Capital Press Editorial: 21
senators show their wolf management expertise
Pardon us if we stifle a yawn in
response to a letter 21 U.S. senators penned the other day.
New Jersey Sen. Cory Booker and
Michigan Sen. Gery Peters led the letter-writing campaign
asking Interior Secretary Deb Haaland to protect gray wolves
from being hunted for about eight months. The U.S. Fish and
Wildlife Service, which is a part of the Interior
Department, is already reviewing the status of wolves in the
West. The senators just fret, needlessly, that a lot of
wolves will be killed in the meantime.
Judging from the language of the
letter, one would think wolves were again on the verge of
extermination. In reality, their problem was with states
such as Idaho and Montana, which have plenty of wolves.
For example, Idaho has about 1,500
wolves. The total harvest of wolves during each of the past
two years was about 500, but the populations have rebounded
both years to 1,500. Reproduction is a specialty of wolves.
The Capital Press reported last summer
that the Idaho Fish and Game Commission established wolf
seasons from Nov. 15 to March 31 on public land in 43
hunting units where elk are below population objectives or
where there is a history of chronic livestock depredation.
It left unchanged all other wolf hunting and trapping
seasons on public land. Idaho has 99 hunting units.
That hardly sounds like wolves will be
eradicated or anything close to it. In fact, that sounds a
lot like prudent management of a predator.
Similarly, Montana, which has about
1,100 wolves, has been adjusting its wolf seasons to avoid
conflicts with other protected species. A total of 38 wolves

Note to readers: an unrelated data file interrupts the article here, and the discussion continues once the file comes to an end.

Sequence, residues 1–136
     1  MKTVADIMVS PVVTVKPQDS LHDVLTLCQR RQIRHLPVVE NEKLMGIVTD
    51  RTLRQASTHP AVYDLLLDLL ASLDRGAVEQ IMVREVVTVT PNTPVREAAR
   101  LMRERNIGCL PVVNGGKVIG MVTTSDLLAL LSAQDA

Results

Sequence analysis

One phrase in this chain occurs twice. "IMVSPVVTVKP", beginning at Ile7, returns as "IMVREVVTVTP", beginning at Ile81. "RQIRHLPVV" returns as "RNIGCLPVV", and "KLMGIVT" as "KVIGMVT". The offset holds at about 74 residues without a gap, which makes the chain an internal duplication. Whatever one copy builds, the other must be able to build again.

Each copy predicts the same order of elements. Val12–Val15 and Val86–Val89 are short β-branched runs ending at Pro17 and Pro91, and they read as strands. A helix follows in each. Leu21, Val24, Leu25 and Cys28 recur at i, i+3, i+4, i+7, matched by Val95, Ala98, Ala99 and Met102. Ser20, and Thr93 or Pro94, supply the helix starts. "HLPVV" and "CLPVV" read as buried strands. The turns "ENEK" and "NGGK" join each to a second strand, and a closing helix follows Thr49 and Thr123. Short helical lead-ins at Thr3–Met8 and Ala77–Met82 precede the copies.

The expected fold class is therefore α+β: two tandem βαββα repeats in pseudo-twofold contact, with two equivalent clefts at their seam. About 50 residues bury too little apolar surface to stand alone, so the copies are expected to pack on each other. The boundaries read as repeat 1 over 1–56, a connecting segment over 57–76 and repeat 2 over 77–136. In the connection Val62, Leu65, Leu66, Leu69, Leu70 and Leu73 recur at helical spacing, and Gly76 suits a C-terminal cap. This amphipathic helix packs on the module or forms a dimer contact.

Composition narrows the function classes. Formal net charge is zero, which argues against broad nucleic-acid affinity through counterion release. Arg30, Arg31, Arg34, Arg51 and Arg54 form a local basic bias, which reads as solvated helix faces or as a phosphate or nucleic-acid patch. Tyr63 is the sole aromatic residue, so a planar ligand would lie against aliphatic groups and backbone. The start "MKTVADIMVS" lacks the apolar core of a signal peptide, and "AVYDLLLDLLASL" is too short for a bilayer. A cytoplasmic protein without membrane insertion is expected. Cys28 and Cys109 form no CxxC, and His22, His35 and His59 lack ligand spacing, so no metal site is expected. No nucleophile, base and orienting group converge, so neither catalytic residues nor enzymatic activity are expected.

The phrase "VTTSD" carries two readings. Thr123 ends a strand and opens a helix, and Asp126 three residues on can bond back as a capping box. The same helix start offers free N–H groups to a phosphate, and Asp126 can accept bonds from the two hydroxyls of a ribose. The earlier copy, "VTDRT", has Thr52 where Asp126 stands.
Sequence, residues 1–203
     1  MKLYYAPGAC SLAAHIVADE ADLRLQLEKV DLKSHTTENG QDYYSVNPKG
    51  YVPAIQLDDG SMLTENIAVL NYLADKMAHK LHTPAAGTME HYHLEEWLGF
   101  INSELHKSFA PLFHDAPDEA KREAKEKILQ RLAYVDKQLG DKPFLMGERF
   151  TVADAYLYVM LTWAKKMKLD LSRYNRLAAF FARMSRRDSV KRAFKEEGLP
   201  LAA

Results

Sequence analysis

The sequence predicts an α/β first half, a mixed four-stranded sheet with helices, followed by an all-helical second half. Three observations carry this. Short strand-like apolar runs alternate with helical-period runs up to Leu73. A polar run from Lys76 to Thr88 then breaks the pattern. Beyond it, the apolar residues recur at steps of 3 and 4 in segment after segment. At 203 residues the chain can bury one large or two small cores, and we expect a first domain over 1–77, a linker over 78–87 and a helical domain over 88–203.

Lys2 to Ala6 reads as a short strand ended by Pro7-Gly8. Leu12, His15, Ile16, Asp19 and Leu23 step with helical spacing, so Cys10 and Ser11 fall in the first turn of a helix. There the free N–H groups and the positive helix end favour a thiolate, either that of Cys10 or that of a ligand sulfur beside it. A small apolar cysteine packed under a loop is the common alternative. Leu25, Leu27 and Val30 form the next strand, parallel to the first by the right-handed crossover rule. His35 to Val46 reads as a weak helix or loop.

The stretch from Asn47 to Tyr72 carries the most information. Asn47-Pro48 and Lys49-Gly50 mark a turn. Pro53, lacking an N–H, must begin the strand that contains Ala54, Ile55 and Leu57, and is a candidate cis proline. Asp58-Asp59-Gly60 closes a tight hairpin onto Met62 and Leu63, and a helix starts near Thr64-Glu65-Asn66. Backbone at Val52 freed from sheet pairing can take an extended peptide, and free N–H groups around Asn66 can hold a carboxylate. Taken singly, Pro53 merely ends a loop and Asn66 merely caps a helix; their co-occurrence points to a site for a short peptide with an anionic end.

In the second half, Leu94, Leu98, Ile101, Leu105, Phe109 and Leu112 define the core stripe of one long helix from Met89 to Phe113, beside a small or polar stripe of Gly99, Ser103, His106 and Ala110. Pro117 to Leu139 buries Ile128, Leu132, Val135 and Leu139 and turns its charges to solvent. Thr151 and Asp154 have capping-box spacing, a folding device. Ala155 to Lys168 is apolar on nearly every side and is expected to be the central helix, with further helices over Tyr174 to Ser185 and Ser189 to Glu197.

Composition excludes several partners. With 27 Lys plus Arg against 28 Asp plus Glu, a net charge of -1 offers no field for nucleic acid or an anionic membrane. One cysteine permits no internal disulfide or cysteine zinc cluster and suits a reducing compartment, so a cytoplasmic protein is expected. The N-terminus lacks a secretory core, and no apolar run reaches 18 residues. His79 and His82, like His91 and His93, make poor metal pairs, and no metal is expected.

have been harvested this fall, according to the state’s Fish
and Wildlife Commission.
Yet the wolf experts in the U.S.
Senate want the hunting stopped.
“If continued unabated for this
hunting season, these extreme wolf eradication policies will
result in the death of hundreds of gray wolves and will
further harm federally protected ecosystems like
Yellowstone,” the senators wrote, referring to three wolves
that were killed outside the park in Montana.
The other authors were Patrick Leahy,
D-Vt.; Kirsten Gillibrand, D-N.Y.; Jack Reed, D-R.I.;
Richard Blumenthal, D-Conn.; Bernie Sanders, I-Vt.; Jacky
Rosen, D-Nev.; Dianne Feinstein, D-Calif.; Alex Padilla, D-Calif.;
Sheldon Whitehouse, D-R.I.; Mazie K. Hirono, D-Hawaii; Chris
Van Hollen, D-Md.; Chris Murphy, D-Conn.; Tammy Duckworth,
D-Ill.; Catherine Cortez-Masto, D-Nev.; Elizabeth Warren,
D-Mass.; Sherrod Brown, D-Ohio; Brian Schatz, D-Hawaii;
Robert Menendez, D-N.J.; and Ed Markey, D-Mass.
You’ll note that, with the exception
of Upper Michigan, none of the states they represent has a
significant number of wolves. We suspect the purpose of the
letter was more to curry favor with environmental groups
than to protect wolves, which, by the way, are doing just
fine. They continue to spread across the West without any
Here’s an idea. We propose the U.S.
Fish and Wildlife Service deliver 200 wolves to each of the
states those senators represent. Send 200 each to New
Jersey, New York, Massachusetts, California, Ohio, Illinois,
Nevada, Rhode Island, Connecticut and Maryland.
And don’t forget about Hawaii.
Let’s just see how that works.
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